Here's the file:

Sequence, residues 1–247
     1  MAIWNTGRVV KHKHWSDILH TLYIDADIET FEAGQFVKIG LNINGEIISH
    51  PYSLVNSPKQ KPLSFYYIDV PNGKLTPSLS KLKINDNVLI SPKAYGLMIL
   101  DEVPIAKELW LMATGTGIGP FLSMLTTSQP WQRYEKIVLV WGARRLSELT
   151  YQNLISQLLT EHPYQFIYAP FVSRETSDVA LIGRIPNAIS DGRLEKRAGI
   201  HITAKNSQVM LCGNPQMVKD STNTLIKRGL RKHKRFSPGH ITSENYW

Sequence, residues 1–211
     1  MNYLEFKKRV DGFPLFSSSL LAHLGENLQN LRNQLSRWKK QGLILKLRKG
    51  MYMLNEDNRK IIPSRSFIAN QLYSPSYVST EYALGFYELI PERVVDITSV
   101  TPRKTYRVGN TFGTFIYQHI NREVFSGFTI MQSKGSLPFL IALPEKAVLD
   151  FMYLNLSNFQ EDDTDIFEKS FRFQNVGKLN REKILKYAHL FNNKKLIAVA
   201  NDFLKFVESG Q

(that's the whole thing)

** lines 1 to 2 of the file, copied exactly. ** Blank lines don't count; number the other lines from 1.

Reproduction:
Sequence, residues 1–247
     1  MAIWNTGRVV KHKHWSDILH TLYIDADIET FEAGQFVKIG LNINGEIISH